All of these things are nice, but they are merely symbols that point us to the reason we celebrate Easter, the resurrection of Jesus Christ.  And even more importantly, what that means, that Jesus died for our sins and for our salvation, so that through him we could have forgiveness and a relationship with God that continues on into eternity.  Jesus’ resurrection is proof of that promise. Paul explains this in 1 Corinthians 15:17-20:

“…if Christ has not been raised, then your faith is useless and you are still guilty of your sins. In that case, all who have died believing in Christ are lost!  And if our hope in Christ is only for this life, we are more to be pitied than anyone in the world.  But in fact, Christ has been raised from the dead. He is the first of a great harvest of all who have died.”

Our hope as Christians is not purely optimism or unrealistic idealism.  Our hope is in Christ and in the power of God that is greater than our sin, greater than our fears and greater than death.

Staying quarantined inside our homes is also more like what was happening on that day that Mary Magdalene went to the tomb.  The rest of the disciples are hiding at home, afraid that those who had arrested Jesus would also come after his followers.

When Mary sees that the stone has been rolled away, she runs to get Peter and John.  They run to see for themselves, and once they see that the tomb is indeed empty, they run back home.  Were they running out of urgency?  Did they run home so they could hide their response?[4] We can’t say for certain.

But John tells us that Mary stayed, and that she wept because she thought someone had stolen the body (v11-13). Then she sees Jesus, though at first she doesn’t know it’s him.  He asks her why she’s weeping and who she’s looking for, even though he surely knows the answer.  She thought he was the gardener, until he said her name.  “Mary.”  Then she recognizes him and says, “Rabboni!” which means teacher (v16).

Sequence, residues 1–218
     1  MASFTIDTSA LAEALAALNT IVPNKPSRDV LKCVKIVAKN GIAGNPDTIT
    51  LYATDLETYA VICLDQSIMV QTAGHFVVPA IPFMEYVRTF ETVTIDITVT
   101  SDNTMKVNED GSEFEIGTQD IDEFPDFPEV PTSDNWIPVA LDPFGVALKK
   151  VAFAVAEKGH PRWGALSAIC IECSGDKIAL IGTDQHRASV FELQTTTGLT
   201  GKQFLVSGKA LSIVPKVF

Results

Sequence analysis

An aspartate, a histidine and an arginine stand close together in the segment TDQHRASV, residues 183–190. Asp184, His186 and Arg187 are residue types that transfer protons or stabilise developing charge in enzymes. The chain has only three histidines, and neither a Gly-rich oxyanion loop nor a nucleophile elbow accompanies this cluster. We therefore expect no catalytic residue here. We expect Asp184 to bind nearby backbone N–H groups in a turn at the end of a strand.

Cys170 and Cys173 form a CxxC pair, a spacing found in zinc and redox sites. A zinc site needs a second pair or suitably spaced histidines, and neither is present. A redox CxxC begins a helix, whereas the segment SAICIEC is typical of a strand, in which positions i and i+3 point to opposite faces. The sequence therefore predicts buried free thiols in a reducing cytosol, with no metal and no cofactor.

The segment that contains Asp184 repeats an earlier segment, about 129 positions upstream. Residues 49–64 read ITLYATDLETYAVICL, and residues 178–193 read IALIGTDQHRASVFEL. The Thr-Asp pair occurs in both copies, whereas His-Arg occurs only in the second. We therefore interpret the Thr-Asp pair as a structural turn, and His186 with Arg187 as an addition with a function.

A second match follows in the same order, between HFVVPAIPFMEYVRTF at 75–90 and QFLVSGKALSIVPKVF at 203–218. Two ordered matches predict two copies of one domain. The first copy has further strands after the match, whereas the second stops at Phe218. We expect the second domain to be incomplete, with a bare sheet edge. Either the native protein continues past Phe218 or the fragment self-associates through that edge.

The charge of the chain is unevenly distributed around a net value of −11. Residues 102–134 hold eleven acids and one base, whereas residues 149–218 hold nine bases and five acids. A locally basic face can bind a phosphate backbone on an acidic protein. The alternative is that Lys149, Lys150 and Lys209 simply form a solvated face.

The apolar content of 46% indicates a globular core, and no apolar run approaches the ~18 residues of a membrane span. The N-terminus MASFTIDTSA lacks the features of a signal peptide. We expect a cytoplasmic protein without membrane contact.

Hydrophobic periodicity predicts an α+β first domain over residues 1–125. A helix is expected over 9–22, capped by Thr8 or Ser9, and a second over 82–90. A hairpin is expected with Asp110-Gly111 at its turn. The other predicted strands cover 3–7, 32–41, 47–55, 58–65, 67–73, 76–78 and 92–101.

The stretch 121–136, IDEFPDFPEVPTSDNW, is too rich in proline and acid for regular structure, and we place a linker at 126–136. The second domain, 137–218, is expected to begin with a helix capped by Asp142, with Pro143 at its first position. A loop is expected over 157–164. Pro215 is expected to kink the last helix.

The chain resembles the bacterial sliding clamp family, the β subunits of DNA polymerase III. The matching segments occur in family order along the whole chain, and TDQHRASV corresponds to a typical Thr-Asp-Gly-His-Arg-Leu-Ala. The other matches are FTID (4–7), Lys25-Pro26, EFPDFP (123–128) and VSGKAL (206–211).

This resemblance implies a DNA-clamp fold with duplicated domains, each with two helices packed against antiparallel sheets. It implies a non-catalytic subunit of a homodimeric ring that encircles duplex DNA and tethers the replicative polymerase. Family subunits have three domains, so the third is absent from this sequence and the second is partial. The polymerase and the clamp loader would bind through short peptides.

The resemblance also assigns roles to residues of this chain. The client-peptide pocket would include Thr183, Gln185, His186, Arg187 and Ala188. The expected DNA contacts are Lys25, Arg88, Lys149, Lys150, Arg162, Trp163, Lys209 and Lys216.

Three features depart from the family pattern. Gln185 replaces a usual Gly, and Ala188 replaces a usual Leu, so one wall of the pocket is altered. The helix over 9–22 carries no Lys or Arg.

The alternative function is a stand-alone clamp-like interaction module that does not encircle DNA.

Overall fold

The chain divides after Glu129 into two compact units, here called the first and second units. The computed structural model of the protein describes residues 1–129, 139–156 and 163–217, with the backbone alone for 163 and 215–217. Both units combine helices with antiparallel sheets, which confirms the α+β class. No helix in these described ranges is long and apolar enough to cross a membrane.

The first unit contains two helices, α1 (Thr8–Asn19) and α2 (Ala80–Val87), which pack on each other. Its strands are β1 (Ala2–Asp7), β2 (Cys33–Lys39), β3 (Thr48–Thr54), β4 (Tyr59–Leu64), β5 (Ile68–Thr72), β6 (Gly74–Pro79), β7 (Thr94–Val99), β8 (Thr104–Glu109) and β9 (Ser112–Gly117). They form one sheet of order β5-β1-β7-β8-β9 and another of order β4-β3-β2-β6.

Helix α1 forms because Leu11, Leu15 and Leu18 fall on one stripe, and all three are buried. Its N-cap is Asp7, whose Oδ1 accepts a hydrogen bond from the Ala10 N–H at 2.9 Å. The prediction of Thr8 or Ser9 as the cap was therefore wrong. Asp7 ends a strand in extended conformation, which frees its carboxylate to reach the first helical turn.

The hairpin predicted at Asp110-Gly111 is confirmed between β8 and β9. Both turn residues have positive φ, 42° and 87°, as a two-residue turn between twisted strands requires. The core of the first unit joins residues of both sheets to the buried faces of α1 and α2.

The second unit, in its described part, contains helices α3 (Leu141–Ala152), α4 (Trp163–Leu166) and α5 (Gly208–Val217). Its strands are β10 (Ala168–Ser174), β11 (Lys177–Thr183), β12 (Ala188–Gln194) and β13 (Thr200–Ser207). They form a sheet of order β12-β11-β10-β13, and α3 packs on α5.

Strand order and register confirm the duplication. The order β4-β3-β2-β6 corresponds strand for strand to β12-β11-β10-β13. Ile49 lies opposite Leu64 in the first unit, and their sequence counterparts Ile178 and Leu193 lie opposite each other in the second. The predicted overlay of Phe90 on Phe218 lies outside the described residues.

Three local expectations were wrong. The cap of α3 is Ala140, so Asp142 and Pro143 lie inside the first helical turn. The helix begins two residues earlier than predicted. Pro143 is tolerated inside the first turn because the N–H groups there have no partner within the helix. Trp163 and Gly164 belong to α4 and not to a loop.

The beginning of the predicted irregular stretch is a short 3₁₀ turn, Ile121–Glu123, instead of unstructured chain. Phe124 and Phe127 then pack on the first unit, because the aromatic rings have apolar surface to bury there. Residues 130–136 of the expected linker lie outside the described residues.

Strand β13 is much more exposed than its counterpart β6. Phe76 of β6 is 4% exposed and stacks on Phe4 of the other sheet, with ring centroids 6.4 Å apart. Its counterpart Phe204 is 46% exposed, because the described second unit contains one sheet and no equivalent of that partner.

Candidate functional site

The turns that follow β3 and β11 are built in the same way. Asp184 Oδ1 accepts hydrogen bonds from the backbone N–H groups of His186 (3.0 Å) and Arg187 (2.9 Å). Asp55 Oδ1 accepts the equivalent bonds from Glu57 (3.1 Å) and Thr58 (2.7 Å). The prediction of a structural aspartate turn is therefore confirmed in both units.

It’s a beautiful, tender moment of recognition.

Maybe she was about to hug him, because then he says something rather curious.  “Don’t cling to me for I haven’t yet ascended to the Father” (v17).  Don’t hold on to me, for there’s still more to be done.[5]  Things would not go back to the way they were before Jesus died and was resurrected.[6]  This was the dawn of a new age.  Jesus would ascend into heaven and be seated at the right hand of God the father, as we profess in our creeds.  And then the Holy Spirit would come, as Jesus had explained during their last night together in the upper room.  In John 16:7 Jesus says, “it is better for you that I go. For if I do not go, the Advocate [the Holy Spirit] will not come to you. But if I go, I will send him to you.”

God was doing something new, something we see the disciples working to explain to the world in the book of Acts.  In Acts 13, Peter explains borrowing words from the prophet Habakkuk: “For I am doing something in your own day, something you wouldn’t believe even if someone told you about it.” (Acts 13:41)